I was working in the Nursery this morning and could hear what I thought was the neighbour’s air conditioner. It was there in the background but I could not track the other noise that was there. When I looked up above my head I saw it. There were hundreds of bees in the canopy of the tree because it was smothered in flowers.
I love our local mallee trees. Against all odds they put on beautiful new new leaf growth and flower prolifically when everything else has ‘quietened down’ for the hot summers we have here. We seem to have three different species and they flower consecutively. If I was into bee keeping, it would be worth while having hives here for about three months. These are moderately fast growing plants suitable for limestone soils.
Most of the Eucalypts at Lowan Conservation Park are the mallee, Eucalyptus socialis. I found a good specimen to photograph. I wanted to gather an album of local Eucalypts.
The mallees are great survivors. When top branches are chopped down, or blown down, or burnt by bush fires, they shoot again from buds in the stump, called a lignotuber. The trees can look dead and be covered in new shoots within weeks.
Husband took this photo. It shows the masses of little flowers that make up this marvellous spike. The insects and native bees were working over the flowers when he took me to see it.
I downloaded his photos to my computer as they were really good shots.
I found my small plant of this Grass Tree today. I raised a few from seed and this one must be 5 years old. It is about 30cm tall and is a tuft about the thickness of two adult fingers. Considering that it normally occurs in deep slightly acid sand, in an area of 500-600mm rainfall I guess it is not a bad size. We saw one about 10 years old in a garden and it had a flower spike.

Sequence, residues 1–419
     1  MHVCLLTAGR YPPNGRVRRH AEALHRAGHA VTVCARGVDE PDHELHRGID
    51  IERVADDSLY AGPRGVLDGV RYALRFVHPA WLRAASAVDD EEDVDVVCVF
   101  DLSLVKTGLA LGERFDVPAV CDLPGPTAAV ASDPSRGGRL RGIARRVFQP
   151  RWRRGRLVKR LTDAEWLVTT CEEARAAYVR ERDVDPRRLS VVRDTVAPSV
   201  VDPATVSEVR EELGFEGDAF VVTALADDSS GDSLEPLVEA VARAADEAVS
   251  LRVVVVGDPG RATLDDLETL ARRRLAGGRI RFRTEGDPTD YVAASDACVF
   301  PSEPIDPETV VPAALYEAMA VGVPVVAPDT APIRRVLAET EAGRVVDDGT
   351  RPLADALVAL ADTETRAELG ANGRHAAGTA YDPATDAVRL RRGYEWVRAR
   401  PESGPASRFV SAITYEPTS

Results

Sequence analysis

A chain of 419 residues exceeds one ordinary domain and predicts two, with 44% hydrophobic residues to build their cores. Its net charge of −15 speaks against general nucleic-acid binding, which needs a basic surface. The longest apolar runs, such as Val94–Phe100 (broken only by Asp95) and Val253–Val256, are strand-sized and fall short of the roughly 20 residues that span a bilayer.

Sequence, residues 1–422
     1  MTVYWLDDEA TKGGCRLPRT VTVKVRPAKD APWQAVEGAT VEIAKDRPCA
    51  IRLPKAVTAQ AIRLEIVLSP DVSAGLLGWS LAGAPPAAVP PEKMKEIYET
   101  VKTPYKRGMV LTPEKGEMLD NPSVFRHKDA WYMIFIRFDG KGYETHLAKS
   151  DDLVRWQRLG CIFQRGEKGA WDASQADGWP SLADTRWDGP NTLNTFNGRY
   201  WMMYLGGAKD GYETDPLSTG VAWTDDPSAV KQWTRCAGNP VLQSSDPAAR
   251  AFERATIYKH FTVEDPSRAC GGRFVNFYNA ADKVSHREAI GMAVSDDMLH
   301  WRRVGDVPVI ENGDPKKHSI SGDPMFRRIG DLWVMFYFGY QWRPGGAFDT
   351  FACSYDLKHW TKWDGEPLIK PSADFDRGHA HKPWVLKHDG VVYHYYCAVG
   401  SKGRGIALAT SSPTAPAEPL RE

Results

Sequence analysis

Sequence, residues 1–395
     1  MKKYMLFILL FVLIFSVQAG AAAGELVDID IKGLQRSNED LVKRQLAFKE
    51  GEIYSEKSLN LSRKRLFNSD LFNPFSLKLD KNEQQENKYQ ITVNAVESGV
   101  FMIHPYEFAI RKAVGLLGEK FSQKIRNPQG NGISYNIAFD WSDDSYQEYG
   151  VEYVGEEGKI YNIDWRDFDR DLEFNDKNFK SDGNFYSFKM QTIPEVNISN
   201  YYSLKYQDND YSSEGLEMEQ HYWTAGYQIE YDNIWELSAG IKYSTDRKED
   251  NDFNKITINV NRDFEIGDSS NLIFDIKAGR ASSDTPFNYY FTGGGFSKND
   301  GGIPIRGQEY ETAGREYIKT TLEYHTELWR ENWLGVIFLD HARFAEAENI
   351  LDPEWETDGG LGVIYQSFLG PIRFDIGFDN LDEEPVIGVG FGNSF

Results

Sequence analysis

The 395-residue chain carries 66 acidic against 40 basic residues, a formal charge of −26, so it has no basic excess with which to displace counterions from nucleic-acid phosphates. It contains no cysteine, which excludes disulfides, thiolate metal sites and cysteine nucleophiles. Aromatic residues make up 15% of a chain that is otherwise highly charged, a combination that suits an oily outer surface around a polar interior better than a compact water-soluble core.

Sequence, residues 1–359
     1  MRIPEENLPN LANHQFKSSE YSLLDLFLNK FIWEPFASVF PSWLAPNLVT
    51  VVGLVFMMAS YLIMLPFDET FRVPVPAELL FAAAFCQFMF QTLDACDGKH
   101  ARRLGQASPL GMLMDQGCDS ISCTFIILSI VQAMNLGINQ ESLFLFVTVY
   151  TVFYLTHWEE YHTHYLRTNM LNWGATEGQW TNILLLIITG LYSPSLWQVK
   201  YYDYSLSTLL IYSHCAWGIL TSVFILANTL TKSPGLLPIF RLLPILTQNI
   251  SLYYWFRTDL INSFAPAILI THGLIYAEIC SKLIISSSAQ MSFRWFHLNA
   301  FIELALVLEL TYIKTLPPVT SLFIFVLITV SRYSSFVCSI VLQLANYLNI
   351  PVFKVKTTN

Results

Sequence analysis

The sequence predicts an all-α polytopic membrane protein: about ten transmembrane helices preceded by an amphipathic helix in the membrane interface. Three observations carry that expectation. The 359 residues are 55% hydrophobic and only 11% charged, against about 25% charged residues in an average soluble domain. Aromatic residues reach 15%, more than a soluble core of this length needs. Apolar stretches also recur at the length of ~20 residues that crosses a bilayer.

What a find today! Husband found this on his morning walk today. I knew that they grew up the hill but I thought it was too early for ripe fruit. It is a wonder they are still there with the number of people who drive past.
At a Christmas break up a couple of years ago, one of the Australian Plant Society members made a fabulous Wild Peach Pie, which we had with cream. What a treat.
These seem to be shrubby plants here and I think are suckering plants. They are parasitic and grasses are used as the host in the home garden situation. I did hear that in orchard situations with the extra water and fertiliser, hosts are not needed. I need to research this as I want to have a smalll grove of these. See more information here.
One of my ambitions has been to get a photographic record of the Australian native plants which occur in the South Australian Mallee. In particular I want a record of flowering plants in the local mallee. We went for a drive the other day and found a few I haven’t seen flower for years. This could be due to the fact that we haven’t been in the area at this time of the year for ages.
Thomasia petalocalyx (Paper Flower) is one of the pretty local natives that grows well in the garden. This photo was taken in mallee scrub south of here. The plant grows to about a metre tall and is wider. The nodding flowers are a pretty mauve and have a papery quality about them. The bush seems to have flowers on it most of the year.
Once again this is a hardy, drought tolerant plant. The leaves are a little hairy which possibly means that it needs to be in an open position in areas where high humidity occurs. This plant also occurs in Western Australia and Victoria.